Webinar: Sexual and reproductive health and rights in L&MICs- an Evidence Gap Map | Webinar and workshop

30 March, 2024

(with thanks to Clare Watts)

'The right to sexual and reproductive well-being forms a tenet of human rights. Yet, challenges to achieving equitable sexual and reproductive health and rights (SRHR) persist, particularly in low- and middle-income countries (L&MICs). To understand the extent of the evidence on SRHR and inform decision-making, 3ie developed an evidence gap map (EGM). This EGM was commissioned by the German Institute for Development Evaluation (DEval) with support from the German Federal Ministry for Economic Cooperation and Development (BMZ) and Co-Impact to explore the state of the evidence base on SRHR and to inform upcoming impact evaluations. We invite you to join us for this webinar to discuss key findings from the EGM about existing evidence and evidence gaps regarding SRHR interventions in L&MICs.'

Register: https://us06web.zoom.us/webinar/register/8317110951213/WN_nbUdqJMqSVmao_...


You can see the brief here:


and the map itself here:


'3ie Evidence Gap Maps are collections of evidence from IEs, SRs, and in some cases, qualitative studies for a given sector or policy issue, organized according to the types of programs evaluated and the outcomes measured. They include an interactive online visualization of the evidence base, displayed in a framework of relevant interventions and outcomes. They highlight a list of the evidence for that cell. The links for these studies lead to user-friendly summaries in 3ie’s Development Evidence Portal. Users can filter the evidence by type, confidence rating (for SRs), region, country, study design, and population. decision-makers target their resources to fill these important where there are sufficient IEs to support SRs and where more studies are needed. The maps help evidence gaps and avoid duplication. They also make existing research more accessible to facilitate evidence-informed decision-making.'

'To enable decisionmakers to access the most up-to-date information, we propose ‘living’ synthesis projects that keep this EGM current.'

'The interventions in our map reflect key SRHR priorities, including family planning, maternal and newborn care, sexual and reproductive health and choice, addressing gender-based violence, and access to information and essential services. We considered a range of outcomes related to knowledge and attitudes, behaviors, service use and quality, harmful practices, health, and policy environment.'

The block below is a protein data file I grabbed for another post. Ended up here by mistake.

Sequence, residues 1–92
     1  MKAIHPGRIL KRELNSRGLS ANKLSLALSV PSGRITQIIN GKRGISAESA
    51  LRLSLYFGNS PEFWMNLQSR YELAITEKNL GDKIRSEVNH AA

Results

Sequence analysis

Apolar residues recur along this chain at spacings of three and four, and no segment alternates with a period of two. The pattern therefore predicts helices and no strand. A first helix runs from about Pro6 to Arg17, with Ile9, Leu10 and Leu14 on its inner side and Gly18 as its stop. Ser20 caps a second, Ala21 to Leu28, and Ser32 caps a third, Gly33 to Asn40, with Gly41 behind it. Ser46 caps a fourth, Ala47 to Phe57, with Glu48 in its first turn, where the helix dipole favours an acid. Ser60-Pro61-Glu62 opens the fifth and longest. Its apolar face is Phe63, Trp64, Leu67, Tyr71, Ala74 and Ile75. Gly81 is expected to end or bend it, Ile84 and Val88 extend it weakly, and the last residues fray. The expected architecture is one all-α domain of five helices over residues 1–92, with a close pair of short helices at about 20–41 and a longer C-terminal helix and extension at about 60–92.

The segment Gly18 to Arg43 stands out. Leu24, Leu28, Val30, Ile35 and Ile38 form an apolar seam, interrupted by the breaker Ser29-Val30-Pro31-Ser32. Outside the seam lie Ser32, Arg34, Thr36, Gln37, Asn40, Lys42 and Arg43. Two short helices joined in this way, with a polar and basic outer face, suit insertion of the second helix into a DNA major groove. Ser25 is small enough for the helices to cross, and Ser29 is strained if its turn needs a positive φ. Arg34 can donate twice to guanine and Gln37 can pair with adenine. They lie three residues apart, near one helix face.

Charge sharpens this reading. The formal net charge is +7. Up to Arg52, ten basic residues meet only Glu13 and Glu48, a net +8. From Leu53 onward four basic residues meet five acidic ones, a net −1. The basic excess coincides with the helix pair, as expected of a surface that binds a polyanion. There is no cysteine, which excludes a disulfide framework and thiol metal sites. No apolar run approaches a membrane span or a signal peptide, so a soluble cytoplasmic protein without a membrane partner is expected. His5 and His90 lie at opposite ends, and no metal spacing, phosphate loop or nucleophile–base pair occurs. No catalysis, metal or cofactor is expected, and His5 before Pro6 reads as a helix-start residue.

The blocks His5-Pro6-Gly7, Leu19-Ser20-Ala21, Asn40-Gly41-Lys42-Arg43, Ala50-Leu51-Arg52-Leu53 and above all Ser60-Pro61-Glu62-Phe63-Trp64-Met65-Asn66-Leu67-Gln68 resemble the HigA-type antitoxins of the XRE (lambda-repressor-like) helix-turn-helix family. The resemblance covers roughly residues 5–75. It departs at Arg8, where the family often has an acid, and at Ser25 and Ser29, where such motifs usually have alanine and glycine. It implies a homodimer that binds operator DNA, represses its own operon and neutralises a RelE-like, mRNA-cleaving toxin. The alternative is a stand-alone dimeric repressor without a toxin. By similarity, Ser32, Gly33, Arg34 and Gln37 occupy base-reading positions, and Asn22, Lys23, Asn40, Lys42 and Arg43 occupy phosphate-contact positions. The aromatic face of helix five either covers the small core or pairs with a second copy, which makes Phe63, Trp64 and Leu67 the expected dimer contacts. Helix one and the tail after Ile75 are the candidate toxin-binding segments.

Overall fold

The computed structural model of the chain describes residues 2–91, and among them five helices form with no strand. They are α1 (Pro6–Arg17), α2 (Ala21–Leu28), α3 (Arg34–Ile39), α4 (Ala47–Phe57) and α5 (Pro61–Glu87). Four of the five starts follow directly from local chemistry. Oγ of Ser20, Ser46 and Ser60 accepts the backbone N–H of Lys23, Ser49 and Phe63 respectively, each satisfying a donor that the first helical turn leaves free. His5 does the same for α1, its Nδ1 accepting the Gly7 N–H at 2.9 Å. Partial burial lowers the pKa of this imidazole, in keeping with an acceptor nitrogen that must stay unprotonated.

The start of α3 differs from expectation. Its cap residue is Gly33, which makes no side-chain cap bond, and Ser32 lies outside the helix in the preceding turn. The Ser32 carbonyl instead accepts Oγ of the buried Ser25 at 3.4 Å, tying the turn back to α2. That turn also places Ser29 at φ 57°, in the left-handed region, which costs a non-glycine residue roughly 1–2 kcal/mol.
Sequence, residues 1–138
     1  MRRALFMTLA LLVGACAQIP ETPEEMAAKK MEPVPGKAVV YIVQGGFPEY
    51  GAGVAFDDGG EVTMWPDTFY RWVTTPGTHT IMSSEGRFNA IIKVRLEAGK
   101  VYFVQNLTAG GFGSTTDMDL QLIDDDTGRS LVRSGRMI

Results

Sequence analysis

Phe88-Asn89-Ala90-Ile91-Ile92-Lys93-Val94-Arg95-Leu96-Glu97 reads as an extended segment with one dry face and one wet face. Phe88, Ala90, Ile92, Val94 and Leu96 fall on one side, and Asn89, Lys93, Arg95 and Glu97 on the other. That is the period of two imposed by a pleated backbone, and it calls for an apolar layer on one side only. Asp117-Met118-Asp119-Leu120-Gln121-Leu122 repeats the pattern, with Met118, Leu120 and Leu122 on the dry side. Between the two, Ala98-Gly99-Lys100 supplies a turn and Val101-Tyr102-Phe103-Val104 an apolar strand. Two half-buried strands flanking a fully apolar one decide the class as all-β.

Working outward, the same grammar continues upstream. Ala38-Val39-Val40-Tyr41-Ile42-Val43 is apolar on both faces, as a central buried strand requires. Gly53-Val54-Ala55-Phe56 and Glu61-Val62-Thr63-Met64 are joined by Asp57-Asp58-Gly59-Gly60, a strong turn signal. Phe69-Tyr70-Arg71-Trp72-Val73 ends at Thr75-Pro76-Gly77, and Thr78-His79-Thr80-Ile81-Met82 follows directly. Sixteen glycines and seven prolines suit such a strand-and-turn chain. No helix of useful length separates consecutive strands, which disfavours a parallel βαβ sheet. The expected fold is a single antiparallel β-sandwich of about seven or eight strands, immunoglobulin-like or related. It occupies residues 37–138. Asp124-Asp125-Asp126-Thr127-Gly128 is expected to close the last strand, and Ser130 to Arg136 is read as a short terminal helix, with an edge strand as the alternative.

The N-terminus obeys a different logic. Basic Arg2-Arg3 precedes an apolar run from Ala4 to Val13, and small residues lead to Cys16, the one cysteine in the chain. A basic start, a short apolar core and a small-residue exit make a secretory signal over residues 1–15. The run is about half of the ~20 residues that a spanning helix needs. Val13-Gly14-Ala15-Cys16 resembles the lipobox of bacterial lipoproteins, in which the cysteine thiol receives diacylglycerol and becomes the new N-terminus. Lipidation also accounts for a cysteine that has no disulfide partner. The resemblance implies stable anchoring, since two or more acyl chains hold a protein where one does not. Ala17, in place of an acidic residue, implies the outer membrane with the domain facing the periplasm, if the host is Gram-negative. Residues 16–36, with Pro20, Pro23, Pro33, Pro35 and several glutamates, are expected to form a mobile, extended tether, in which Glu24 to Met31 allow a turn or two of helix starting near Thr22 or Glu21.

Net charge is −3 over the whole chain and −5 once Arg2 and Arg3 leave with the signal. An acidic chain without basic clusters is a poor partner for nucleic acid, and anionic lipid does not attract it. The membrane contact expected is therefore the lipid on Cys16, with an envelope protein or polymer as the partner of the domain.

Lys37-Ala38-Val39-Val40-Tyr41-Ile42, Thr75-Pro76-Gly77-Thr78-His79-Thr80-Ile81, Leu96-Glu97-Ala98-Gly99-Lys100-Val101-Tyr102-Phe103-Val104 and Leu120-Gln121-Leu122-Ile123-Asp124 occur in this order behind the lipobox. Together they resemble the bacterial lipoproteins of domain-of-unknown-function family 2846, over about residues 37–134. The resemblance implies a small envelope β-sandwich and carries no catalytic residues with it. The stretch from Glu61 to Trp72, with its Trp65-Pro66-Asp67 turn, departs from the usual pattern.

Table 1 shows 'Gaps in the SRHR evidence base and suggested areas of research'. It suggests research on Interventions should focus on 'Civil registration and vital statistics systems, supply chain and logistics activities, policy advocacy, social accountability, safe abortion services, and in-kind transfers Interventions related to SRHR priorities such as infertility and sexual function and satisfaction'.

COMMENT (NPW): I have minimal expertise in this area and have only been able to spend a few minutes with the resource. My observations/questions: The map is an excellent way of showing gaps in the published research, and signposting us to what is available. For example, the first column is titled Knowledge and awareness, divided into policy advocacy, policies and laws, healthcare financing schemes, civil registration, supply chain, social accountability, provider capacity building, mass and social media campaigns, social marketing, SRHR education, commuiity mobilisation and dialogue, maternal and newborn care, CHWs and several other categories.

The map seems to provide access to collections of citations of the research. I couldn't find evidence syntheses. It's not clear whether and how an Evidence Gap Map alone should prioritise of future research. My thinking is that it might highlight some areas for possible research, but that decisions on specific research should be based on a number of other factors, including a synthesis of the existing evidence.

I look forward to your observations and comments. If any HIFA members were involved in developing this resource, we look forward to your guidance.

Another question: Is this approach unique or is it being used in other areas of health? If the latter, what can be done to promote standardisation of approach?

HIFA profile: Neil Pakenham-Walsh is coordinator of HIFA (Healthcare Information For All), a global health community that brings all stakeholders together around the shared goal of universal access to reliable healthcare information. HIFA has 20,000 members in 180 countries, interacting in four languages and representing all parts of the global evidence ecosystem. HIFA is administered by Global Healthcare Information Network, a UK-based nonprofit in official relations with the World Health Organization. Email: neil@hifa.org